THIS MATTER is before the Court on Plaintiff's Motion for Default Judgment [Doc. 17] and Defendants' Motion to Set Aside Entry of Default [Doc. 19].
On January 30, 2019, Plaintiff, a prisoner of the State of North Carolina currently incarcerated at Piedmont Correctional Institution in Salisbury, North Carolina, filed a Complaint pursuant to 42 U.S.C. § 1983 alleging violations of his rights under the U.S. Constitution, the Americans with Disabilities Act (ADA) and the Rehabilitation Act while he was detained at the Burke-Catawba District Confinement Facility (BCDCF). [Doc. 1]. Plaintiff's Complaint survived initial review on certain claims and against all but Defendant Burke County Sheriff's Office, who was dismissed as a Defendant in this matter. [Doc. 12]. The remaining Defendants were served, and their answers were due by November 25, 2019. On December 18, 2019, Plaintiff moved for entry of default, as Defendants had yet to plead or otherwise respond in the action. [Doc. 15]. The Clerk entered default against Defendants. [Doc. 16]. On January 24, 2020, Plaintiff moved for default judgment, seeking as relief (1) a preliminary and permanent injunction ordering all Defendants provide a Tty telephone to all deaf inmates immediately upon their request; (2) compensatory damages in the amount of $50,000.00 against each Defendant jointly and severally for Plaintiff's injuries; and (3) punitive damages in the amount of $1,000,000.00 against each Defendant jointly and severally to punish Defendants for their actions. [Doc. 17].
On February 3, 2020, Sean Perrin filed a Notice of Appearance on behalf of all Defendants. [Doc. 3]. On February 5, 2020, Defendants filed a Motion to Set Aside Entry of Default. [Doc. 19]. As grounds for setting aside the entry of default, defense counsel states that, due to an oversight, he was not assigned to defend the lawsuit until January 31, 2020. [Doc. 20 at 3]. An administrative assistant for the BCDCF opened the default judgment motions that Plaintiff mailed to the BCDCF for service on the remaining Defendants. The assistant forwarded the motion for default judgment to the county's insurer on January 30, 2020. [Doc. 20-3 at ¶¶ 1-2, 6: Declaration of Sue Hensley]. Defendants further argue that there is good cause to set aside the default because Defendants have meritorious defenses, Defendants acted with reasonable promptness after the entry of default, and Plaintiff will not be prejudiced by setting aside the entry of default. [Doc. 20 at 3-7].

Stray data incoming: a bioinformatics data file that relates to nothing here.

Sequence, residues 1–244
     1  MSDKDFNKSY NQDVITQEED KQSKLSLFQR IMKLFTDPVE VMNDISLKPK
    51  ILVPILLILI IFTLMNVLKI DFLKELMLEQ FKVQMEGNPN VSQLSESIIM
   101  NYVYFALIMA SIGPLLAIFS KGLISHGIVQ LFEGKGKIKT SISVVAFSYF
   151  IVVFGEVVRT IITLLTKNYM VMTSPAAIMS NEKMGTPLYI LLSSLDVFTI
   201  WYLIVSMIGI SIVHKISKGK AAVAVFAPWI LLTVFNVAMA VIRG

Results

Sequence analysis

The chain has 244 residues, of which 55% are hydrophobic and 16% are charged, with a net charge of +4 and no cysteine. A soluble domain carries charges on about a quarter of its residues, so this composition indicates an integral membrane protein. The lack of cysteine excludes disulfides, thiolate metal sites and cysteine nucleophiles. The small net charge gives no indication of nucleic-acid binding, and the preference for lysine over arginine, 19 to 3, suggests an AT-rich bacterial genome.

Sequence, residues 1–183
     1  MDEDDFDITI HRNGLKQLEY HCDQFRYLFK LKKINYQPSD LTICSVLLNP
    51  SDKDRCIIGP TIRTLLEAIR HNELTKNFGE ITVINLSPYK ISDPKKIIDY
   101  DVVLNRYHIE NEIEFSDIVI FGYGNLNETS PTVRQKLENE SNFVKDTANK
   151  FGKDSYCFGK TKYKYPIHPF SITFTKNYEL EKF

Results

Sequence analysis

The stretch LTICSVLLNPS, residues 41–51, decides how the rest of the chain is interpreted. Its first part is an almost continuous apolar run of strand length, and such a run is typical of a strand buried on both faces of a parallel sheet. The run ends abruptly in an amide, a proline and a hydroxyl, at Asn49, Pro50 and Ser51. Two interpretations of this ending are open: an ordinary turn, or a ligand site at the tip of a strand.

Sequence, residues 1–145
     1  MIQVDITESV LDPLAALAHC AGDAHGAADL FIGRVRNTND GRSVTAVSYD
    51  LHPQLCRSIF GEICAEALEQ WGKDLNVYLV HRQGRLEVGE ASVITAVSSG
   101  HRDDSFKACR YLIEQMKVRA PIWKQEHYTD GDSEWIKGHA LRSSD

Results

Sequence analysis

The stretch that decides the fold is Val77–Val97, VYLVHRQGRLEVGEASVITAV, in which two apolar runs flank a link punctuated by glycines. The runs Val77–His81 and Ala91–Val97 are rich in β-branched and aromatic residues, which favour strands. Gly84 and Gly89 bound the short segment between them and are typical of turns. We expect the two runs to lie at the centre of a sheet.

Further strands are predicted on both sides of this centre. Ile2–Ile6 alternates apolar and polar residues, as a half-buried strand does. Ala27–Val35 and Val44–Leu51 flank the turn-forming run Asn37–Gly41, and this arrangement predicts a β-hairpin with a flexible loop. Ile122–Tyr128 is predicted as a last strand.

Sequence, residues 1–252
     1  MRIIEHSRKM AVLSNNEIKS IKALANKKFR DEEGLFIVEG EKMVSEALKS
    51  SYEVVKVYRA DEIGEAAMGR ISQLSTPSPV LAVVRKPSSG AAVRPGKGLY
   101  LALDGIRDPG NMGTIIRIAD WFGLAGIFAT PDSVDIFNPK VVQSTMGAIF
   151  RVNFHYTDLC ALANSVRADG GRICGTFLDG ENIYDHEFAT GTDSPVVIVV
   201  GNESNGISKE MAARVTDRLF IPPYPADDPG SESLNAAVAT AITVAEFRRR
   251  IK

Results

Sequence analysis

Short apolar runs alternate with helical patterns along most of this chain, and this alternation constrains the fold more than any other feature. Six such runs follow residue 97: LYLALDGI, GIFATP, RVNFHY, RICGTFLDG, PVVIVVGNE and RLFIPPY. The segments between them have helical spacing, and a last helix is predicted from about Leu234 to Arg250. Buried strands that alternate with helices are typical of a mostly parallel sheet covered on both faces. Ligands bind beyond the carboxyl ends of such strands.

Federal Rule of Civil Procedure 55(a) allows for the entry of default against a defendant who fails to "plead or otherwise defend." Fed. R. Civ. P. 55(a). Under Rule 55(c), the Court may set aside an entry of default upon a showing of "good cause." Fed. R. Civ. P. 55(c). Rule 55(c) must be "liberally construed in order to provide relief from the onerous consequences of defaults and default judgments." Lolatchy v. Arthur Murray, Inc., 816 F.2d 951, 954 (4th Cir. 1987) (quoting Tolson v. Hodge, 411 F.2d 123, 130 (4th Cir. 1969)). "Any doubts about whether relief should be granted should be resolved in favor of setting aside the default so that the case may be heard on the merits." Tolson, 411 F.2d at 130.
When deciding whether to set aside an entry of default, this Court should "consider whether the moving party has a meritorious defense, whether it acts with reasonable promptness, the personal responsibility of the defaulting party, the prejudice to the party, whether there is a history of dilatory action, and the availability of sanctions less drastic." Colleton Preparatory Academy, Inc. v. Hoover Universal, Inc., 616 F.3d 413 (4th Cir. 2010) (quoting Payne ex rel. Estate of Calzada v. Brake, 439 F.3d 198, 204-05 (4th Cir. 2006)).